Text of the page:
Corgi Temperament

Corgis are bright and happy dogs that want nothing more than to be a part of your family. They are bold, tenacious and their curiosity precedes them. Always up for an adventure, with a great love of life. First seen in the 12th century, these dogs have been gaining popularity ever since.

Husky Temperament

Huskies are one of the oldest breeds in the world, first seen over 12,000 years ago. Originally bred to be a working sled dog, they make wonderful family pets. Quick as a whip, these intelligent dogs are the heart and soul of the house and make very loyal companions.

A Corgi Husky Mix is a loyal and intelligent dog that will go to the ends of the earth for you.

They are a sweet loving dog and, as a result of this, they make terrible guard dogs – they are friendly and are typically very welcoming of strangers.

However, they do love to bark! These dogs will bark your house down if they are not properly trained and stimulated. Therefore, training and exercise will be essential for any Corgi Husky Mix (we will discuss this later in the article).

These dogs are companion dogs and will not tolerate being left alone. They will bark, howl, and chew up your carpets in a bid to see you again.

Top-Tip
To reduce separation anxiety, try leaving your puppy alone for short periods to try and get them used to being by themselves. Start by leaving them alone for just a few minutes and slowly work up to more extended periods with lots of positive reinforcement for good behaviour upon return.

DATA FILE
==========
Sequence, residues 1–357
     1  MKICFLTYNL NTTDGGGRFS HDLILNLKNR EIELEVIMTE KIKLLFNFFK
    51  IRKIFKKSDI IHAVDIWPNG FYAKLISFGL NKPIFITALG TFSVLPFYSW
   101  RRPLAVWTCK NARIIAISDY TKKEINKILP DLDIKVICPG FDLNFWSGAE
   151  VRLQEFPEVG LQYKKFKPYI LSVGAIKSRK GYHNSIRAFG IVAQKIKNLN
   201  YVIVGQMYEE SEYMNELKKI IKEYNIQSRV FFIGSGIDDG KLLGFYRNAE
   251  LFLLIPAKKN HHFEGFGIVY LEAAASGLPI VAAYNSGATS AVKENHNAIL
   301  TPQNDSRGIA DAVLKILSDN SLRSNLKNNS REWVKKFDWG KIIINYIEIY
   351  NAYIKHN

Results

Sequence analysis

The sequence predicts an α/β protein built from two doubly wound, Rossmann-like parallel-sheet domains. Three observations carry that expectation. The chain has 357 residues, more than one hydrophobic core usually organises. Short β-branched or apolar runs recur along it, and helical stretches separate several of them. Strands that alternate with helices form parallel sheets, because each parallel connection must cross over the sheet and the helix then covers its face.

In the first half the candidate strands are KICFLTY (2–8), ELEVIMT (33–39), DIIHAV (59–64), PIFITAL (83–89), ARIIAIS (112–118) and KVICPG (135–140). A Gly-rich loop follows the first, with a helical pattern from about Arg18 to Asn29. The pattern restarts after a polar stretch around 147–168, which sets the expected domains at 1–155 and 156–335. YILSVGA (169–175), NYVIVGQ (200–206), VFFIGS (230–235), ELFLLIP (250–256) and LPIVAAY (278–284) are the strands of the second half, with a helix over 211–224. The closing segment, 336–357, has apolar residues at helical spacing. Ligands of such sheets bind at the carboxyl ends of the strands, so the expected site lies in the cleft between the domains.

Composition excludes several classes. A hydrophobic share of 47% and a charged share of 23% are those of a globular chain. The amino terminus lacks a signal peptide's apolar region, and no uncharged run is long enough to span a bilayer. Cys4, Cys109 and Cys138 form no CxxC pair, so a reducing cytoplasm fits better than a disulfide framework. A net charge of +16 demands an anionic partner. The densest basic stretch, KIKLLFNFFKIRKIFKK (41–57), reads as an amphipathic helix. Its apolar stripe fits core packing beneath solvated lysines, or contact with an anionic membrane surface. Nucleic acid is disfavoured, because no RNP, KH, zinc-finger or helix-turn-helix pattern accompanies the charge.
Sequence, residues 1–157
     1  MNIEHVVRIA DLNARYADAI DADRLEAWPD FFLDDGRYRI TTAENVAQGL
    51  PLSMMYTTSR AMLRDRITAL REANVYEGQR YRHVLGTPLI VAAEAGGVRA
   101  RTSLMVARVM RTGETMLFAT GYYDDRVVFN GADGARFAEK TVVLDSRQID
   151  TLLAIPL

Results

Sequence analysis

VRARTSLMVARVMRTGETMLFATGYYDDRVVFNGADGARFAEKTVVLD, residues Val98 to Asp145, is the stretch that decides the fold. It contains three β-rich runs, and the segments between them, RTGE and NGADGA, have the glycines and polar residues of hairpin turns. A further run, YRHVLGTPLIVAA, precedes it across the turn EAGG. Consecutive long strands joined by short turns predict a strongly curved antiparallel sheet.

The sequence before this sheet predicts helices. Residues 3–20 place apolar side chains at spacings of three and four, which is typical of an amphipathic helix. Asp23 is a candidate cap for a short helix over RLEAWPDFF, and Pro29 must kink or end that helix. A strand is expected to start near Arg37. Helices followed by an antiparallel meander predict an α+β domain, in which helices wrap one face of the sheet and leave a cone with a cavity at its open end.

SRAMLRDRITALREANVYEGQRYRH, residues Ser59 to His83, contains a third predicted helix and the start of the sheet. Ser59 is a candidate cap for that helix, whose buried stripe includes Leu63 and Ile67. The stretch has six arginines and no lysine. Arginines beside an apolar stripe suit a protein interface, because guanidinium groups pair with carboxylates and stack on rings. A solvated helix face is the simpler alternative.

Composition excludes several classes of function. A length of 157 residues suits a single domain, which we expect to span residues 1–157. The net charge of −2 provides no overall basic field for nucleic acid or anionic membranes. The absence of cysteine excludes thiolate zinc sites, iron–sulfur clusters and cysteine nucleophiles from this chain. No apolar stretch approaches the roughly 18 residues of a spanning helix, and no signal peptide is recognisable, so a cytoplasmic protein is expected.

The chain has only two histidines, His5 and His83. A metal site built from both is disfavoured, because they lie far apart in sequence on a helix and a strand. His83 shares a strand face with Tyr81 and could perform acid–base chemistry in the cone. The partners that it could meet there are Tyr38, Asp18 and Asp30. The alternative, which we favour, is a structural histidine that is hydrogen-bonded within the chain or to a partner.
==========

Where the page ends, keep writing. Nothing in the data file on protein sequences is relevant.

Corgi Husky Mixes are highly active dogs, coming from working backgrounds, as a result their energy is unrelenting.

Consequently, they will require large amounts of attention and maintenance including walks and play. This dog may not be for you if you are not around to meet their high attention requirements.

Is A Corgi Husky Mix A Good Family Dog?

These dogs are quite strong willed and have not quite twigged socially acceptable behaviour when it comes to children. As a result, it is not recommended that you have these dogs in a house with young children as their boisterous nature may result in an unwanted accident.

As well as this, the Corgi Husky Mix can be very free spirited. Therefore, they are not advisable for first time dog owners as these crossbreeds can be somewhat unpredictable in personality.

If you are not familiar with working dogs, you may struggle to handle them.

How to Train A Corgi Husky Mix

Welsh Corgi Dog
This dog loves to be the centre of attention making them very trainable.